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UPCOMING ONLINE SERVICES
 
Please join us via live stream at 11:00am or as noted
Details are below including our Zoom service link.


Sunday, May 2
Encountering Awe in Unlikely Places
Presented by Rev Debra Thorne

Sunday, May 9
Moon Ways 
Presented by Rev Debra Thorne 

Sunday, May 16 at 10:00am
CUC National Conference Sunday Service
‘Sustaining Our Light’ - a Multigenerational Worship Service 

Presented by Rev Meghann Robern (Winnipeg) & Kathryn Childs (DRE Montreal) Music with Suzanne Maziarz (Music Director, Neighbourhood Toronto) 

Sunday, May 23
Lux Eterna
Presented by Peter Scales

Sunday, May 30
Getting to Yes!
Presented by Rev Debra Thorne
UPCOMING IN MAY     
 
May 2        Co-ordinating Council Meeting         1pm
May 9        Strategic Plan Q & A Session            1pm
May 16      CUC National Conference Service    10am 
                  Joys and Concerns Social                 11:30am
May 23      Town Hall Meeting                              1pm
MINISTER'S MESSAGE
It feels like we are all taking another deep breath to calm down our frustration or impatience that the pandemic restrictions are once again rolling in. As I write to you, the Covid numbers are rising higher than they have ever been. As the headlines ramp up warnings, I remind myself that though we live in one of the safest areas in the world we still need to practice respect for the virus.  She is a wily one.  

This liminal time between the old normal and before we know what the new will be, has become far longer than we ever thought. We have been creative in our resilience. We have adapted to patience as a constant in our lives. We are walking more in our neighbourhoods. Talking more to distant relatives. There is good coming out of this experience, but the world as we know, it will never be the same. 

As we approach the end of the Fellowship year, a year we have all been challenged to stay alert and flexible to the constant changes, members are weary and needing respite. Later in the newsletter, you’ll see an announcement from the Sunday Services Committee and myself describing a different summer experience. 

And finally, I am excited to tell you that there are plans in the works for a great big celebration concert to mark the end of the Fellowship year. Look for details in the June newsletter. 

As always, my listening heart is there for those who need it. If you are struggling, please reach out. 


Warmly, Rev Debra

Rev Debra Thorne 
Hiiye’yutul tst ‘u to’ mukw stem ‘I ‘u tuna’ muka
Everything in nature is part of our family; we are all family

      MISSION STATEMENT

At FUFON we create spiritual connection and
bring compassion, discovery and social justice to life.
SUNDAY SERVICES
 Theme for May is Theologically Alive:
We seek to be ever-evolving in our understanding, open to new knowledge.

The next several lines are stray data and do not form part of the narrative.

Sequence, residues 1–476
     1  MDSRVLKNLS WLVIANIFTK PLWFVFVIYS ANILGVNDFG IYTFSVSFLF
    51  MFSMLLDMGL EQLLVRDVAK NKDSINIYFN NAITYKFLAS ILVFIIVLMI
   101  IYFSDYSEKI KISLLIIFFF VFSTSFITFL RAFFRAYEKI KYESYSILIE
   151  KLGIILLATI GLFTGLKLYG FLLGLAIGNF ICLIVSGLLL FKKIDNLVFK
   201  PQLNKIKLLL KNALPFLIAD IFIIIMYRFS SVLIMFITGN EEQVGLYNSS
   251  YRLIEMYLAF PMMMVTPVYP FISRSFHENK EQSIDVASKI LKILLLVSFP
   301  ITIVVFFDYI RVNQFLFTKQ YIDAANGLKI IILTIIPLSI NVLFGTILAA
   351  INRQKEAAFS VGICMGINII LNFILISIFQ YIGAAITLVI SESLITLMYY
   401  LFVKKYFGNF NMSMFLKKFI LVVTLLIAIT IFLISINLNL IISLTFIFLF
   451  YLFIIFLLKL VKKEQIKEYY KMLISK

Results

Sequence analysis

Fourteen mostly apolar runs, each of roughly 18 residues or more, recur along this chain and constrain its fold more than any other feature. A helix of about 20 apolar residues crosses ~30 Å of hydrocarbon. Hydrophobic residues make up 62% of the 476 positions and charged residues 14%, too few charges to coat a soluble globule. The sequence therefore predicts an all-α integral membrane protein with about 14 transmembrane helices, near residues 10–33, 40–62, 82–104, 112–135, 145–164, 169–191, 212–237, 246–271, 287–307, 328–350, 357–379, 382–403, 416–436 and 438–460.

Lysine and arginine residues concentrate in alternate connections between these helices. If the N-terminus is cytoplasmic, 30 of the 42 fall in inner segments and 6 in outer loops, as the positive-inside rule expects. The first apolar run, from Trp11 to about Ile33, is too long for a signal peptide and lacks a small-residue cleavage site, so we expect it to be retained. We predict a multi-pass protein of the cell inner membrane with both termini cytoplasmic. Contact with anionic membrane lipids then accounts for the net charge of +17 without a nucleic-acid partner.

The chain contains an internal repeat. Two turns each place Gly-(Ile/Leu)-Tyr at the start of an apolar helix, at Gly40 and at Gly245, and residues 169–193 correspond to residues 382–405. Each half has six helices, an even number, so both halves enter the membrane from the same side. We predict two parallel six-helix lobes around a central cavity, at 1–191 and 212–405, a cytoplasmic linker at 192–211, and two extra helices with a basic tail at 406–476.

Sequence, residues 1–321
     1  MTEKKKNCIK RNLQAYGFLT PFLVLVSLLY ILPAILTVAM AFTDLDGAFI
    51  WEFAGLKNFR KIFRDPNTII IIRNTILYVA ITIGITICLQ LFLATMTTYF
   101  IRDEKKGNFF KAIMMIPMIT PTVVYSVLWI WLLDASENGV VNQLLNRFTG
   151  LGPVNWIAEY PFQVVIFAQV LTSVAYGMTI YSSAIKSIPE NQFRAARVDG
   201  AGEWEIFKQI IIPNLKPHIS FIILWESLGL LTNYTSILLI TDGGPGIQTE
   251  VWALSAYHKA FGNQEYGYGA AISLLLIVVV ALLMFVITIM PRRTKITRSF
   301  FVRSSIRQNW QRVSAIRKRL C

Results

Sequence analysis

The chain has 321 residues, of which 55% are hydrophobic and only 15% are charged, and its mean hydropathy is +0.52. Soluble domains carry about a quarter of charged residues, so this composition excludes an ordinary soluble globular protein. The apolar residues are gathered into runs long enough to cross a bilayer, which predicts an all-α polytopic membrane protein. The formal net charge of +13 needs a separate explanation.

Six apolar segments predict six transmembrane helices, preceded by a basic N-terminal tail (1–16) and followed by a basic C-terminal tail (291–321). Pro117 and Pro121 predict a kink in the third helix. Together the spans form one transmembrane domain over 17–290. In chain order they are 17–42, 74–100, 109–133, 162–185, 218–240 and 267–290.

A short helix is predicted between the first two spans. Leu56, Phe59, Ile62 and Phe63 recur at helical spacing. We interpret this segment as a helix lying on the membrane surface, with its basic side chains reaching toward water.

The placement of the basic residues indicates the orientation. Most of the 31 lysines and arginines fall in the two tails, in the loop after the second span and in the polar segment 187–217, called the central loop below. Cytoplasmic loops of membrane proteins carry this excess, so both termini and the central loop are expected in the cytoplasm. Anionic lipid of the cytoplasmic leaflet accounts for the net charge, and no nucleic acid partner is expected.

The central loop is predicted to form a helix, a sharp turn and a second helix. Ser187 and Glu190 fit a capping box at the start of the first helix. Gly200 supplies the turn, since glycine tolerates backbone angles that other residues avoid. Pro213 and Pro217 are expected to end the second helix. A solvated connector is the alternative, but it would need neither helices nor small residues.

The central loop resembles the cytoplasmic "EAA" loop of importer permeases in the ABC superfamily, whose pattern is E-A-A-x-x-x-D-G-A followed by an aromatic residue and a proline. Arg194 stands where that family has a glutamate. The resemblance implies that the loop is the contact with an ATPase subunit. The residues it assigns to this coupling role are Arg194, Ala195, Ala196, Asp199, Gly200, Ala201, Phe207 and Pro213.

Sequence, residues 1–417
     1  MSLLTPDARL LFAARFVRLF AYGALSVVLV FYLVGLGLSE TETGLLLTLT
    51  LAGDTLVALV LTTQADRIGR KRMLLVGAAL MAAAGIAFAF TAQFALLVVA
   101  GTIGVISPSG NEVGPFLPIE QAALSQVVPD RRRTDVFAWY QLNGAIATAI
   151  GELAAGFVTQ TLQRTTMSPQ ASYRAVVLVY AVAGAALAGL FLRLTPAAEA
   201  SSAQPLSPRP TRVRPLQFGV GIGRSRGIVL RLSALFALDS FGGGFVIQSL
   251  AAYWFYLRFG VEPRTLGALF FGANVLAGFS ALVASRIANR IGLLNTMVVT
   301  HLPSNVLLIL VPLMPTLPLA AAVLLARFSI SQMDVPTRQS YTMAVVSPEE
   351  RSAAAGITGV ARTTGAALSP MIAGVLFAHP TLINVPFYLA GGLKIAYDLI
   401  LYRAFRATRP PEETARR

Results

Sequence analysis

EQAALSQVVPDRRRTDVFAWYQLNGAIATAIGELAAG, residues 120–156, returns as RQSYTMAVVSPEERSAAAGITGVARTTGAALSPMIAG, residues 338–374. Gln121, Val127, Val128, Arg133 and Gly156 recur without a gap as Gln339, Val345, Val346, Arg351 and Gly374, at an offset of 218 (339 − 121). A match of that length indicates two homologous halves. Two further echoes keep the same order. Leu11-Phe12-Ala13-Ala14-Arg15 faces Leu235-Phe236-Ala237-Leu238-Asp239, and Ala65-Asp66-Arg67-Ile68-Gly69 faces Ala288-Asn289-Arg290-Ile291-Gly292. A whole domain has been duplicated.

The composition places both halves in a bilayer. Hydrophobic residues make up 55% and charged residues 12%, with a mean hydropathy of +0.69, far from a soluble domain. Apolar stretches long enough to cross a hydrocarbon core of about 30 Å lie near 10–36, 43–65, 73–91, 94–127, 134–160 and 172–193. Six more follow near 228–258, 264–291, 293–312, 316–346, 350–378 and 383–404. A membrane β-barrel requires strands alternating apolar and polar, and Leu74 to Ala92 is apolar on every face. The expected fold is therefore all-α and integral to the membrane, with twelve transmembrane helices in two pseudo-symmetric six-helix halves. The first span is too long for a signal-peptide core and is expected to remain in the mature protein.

To join any of our upcoming services on Zoom,
please click on this 
SERVICE LINK a few minutes before the service

Sunday, May 2
Encountering Awe in Unlikely Places
Presented by Rev Debra Thorne


Have you ever encountered a world beyond your imaginings where light and sound and shape pull you out of your preconceived ideas, transporting you into a new understanding of your world? Environmental artists can take you to the most unexpected places. They have transformed war zones and forests and the underside of urban bridges, shapeshifting your senses and your expectations of time and nature; opening you to the forces which create and uphold life, moving you to awe and renewing our spirits.

Sunday, May 9
Moon Ways 
Presented by Rev Debra Thorne 


The moon exerts her silvery influence on the earth by drawing down the tides and slowing time. We watch her face dissolving and reforming, a trustworthy cycle to follow time. It is the Lunar calendar that marks feast days and holy days for many religions. Muhammad said that ‘Paradise lies at the feet of your mother.” Today we recognize the conclusion of Ramadan and weave in the story of  Amna bint Wahb, the mother of the Prophet.

Sunday, May 16 at 10:00am
CUC National Conference Sunday Service
‘Sustaining Our Light’ - a Multigenerational Worship Service 

Presented by Rev Meghann Robern (Winnipeg) & Kathryn Childs (DRE Montreal) Music with Suzanne Maziarz (Music Director, Neighbourhood Toronto) 

Now, more than ever, we need to be grounded in connection, in hope, and in love. As the cycles of the seasons teach us the gifts of the dark as well as the light, we still need energy - a spark - to fuel living into our aspirations and values, no matter the season, the struggle, or the celebration. This Sunday service will celebrate how our UU faith and our connections are crucial to sustaining and amplifying that spark.

After the national service, there will be a social time for our congregation at 11:30am focusing on our Joys and Concerns. 
Facilitated by Rev Debra Thorne


Sunday, May 23
Lux Eterna
Presented by Peter Scales


The Covid-19 pandemic and Canada's isolation response caused all religious organizations to close their physical services. Some groups were ready for the change because they had already been broadcasting certain services. Other congregations struggled to reach out. Religious and community leaders know that their function is as much pastoral (caring for the people) as it is theological (spreading and reinforcing the core messages of the faith), so not only pulpit services but also coffee chats and social gatherings are shifting to online. Considering FUFON's May theme of "Theologically Alive," what do we want from our congregation in normal times, and how did that change in pandemic time?  How do we keep the chalice flame illuminated?